There can’t be many in Africa like Prakash Vijayanath. Not only is he working as a programmer, trading in foreign currencies and about to start his master’s in finance, he also dreams of winning gold at the Olympics.
What makes Vijayanath even more rare, in Africa at least, is that he hopes to go to the Olympics for badminton.
His chances are decent. Vijayanath bagged silver at the 2015 African Games in Brazzaville, Congo. He also won the national men’s title in South Africa when he was just 18.
The 23-year-old is not resting on his laurels though.
“I was happy with that result but it was only a stepping stone for other international tournaments. I don’t really see it as a big milestone. It was something I needed to get out of the way so I could focus on international tournaments. It was an important goal nonetheless,” he says.
Vijayanath is based in Dublin, Ireland. He moved there, from Johannesburg, as soon as he finished high school. He got a sport scholarship at Trinity College and has just finished his bachelors in computer science and business. He plans to do his Master’s in finance there next year.
From Dublin he can play in more tournaments.
“I’m based in Europe, so traveling around Europe is quite cheap. So, I’ve played a lot of tournaments around Europe,” he says.
There is a downside though; getting funding can be tough. It means he has had to reach into his own pockets to be able to play in some tournaments.
“It can be hard to find sponsors, especially being a South African athlete in Ireland. South African companies would like to sponsor you but if you don’t play many South African tournaments, and Irish companies can’t sponsor you because you’re not an Irish athlete.”
Vijayanath did have a deal with Carlton, a leading producer of badminton equipment, but is currently negotiating a deal with a new sponsor. He is also sponsored by his parents’ IT company, eSoft Development and Technologies. This is apt; Vijayanath worked as an intern, helping to develop software at eSoft. His parents are also the reason he plays badminton.
“My parents used to play when they were younger and in India. I was born in India, when we moved to South Africa, I was about four years old, and they joined a club in Randburg. Every Tuesday and Thursday night they would play and when I was about five or six they would let me play with them. It just developed from there.”
His father, Vijayanath Muthuramalingam, moved to South Africa when his then company, Siemens, offered him a job.
“The original plan was not to stay here, they were supposed to be in South Africa for a few years but my dad’s contract kept being renewed and we’ve ended up staying here.”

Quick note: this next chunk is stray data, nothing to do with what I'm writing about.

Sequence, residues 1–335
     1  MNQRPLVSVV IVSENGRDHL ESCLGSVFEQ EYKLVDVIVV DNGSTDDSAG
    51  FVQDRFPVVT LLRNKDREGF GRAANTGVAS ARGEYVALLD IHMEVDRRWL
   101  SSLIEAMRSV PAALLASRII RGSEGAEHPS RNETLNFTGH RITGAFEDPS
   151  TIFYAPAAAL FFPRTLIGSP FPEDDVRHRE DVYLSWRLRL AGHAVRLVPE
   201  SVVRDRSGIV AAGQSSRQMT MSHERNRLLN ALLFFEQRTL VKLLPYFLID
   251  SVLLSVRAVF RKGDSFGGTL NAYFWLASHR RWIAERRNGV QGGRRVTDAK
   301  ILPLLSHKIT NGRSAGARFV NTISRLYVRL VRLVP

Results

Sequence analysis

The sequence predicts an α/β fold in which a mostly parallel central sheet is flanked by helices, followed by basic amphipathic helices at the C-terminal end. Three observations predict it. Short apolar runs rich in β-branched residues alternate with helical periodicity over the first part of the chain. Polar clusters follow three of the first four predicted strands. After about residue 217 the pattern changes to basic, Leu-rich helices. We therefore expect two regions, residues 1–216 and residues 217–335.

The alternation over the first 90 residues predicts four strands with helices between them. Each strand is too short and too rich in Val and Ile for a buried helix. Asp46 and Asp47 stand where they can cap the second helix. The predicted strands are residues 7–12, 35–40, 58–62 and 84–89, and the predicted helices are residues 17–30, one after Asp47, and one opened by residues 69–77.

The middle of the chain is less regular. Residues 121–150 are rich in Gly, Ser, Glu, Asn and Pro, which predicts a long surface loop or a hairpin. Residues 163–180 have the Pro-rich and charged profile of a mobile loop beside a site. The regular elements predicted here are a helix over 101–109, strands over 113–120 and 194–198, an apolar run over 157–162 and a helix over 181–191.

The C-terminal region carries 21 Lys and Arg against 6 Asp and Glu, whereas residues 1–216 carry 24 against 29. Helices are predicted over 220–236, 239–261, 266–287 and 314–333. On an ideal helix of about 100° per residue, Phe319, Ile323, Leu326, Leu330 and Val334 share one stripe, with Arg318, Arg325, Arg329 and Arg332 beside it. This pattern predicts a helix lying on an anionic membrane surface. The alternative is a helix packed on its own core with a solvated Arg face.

Although he was born in India, Vijayanath considers South Africa home. One of his goals is to wear South African colors at the Tokyo Olympics in 2020.
“I want to focus on some short-term goals, winning the nationals again later this year. If I win it it’ll be my third senior national title. I want to focus on these short-term goals so I can improve and while I improve I’ll start playing more international tournaments, qualify for the Olympics, and then do well in the Olympics hopefully.”
Getting to Tokyo won’t be easy.
“It’s quite tough… Normally only one or two African players qualify for men’s singles for each Olympics. It’s mostly Asian and European. Winning the African championships is a must to qualify for the Olympics and having loads of good international results. You need good results in Africa; you also have to travel to Europe, South America, North America, even Asia for high ranking tournaments,” he says.
Asian countries are the traditional powerhouses of badminton. Vijayanath says African countries need to start from the ground up to be able to compete with the likes of China, India and Malaysia.
“There needs to be more popularity in the sport. In China, badminton is one of their biggest sports. In India, I think it’s the second biggest sport, behind cricket. Once you get popularity, more people start playing and there’s more money in the sport to develop young players.”
There’s money to be made in the sport as well, especially in Europe where Vijayanath is based.
“In Europe, badminton is quite popular. In England it’s doing well, in Denmark it’s one of the most popular sports, in Germany it’s big and the league system is very good. There’s also good money playing league there and you get good experience.”
Balancing badminton, work and studying can be difficult. Vijayanath has to meticulously plan every day.
“In my first year of college I didn’t balance it well. I wanted to have a bit of fun, but I did quickly learn how to balance it. Basically I go at it week by week. Every Sunday I made a plan of what I was going to do during the week, literally per the hour. It sounds nerdy but it helped me so much.”
Those who play league are mostly full-time, he says. As he is studying, Vijayanath only has enough time to play in tournaments.
“As I went into my final year of college, I only focused on my studies and badminton. Even during my exams, I had to stop badminton for two months.”
With his degree in the bag, and a few months to go before he starts his master’s, Vijayanath has dabbled in forex trading.
“At the moment I trade foreign currency a bit. I just started a few months back. I’ve got a lot to learn still. I made a few losses in the beginning; I’m only starting to make small profits now. I’m using this year as a learning period.”
The future looks bright for the Indian-born, Ireland-based badminton player from the Rainbow Nation. Who knows, in a few years, Vijayanath could have a pot of gold as well as an Olympic gold medal.
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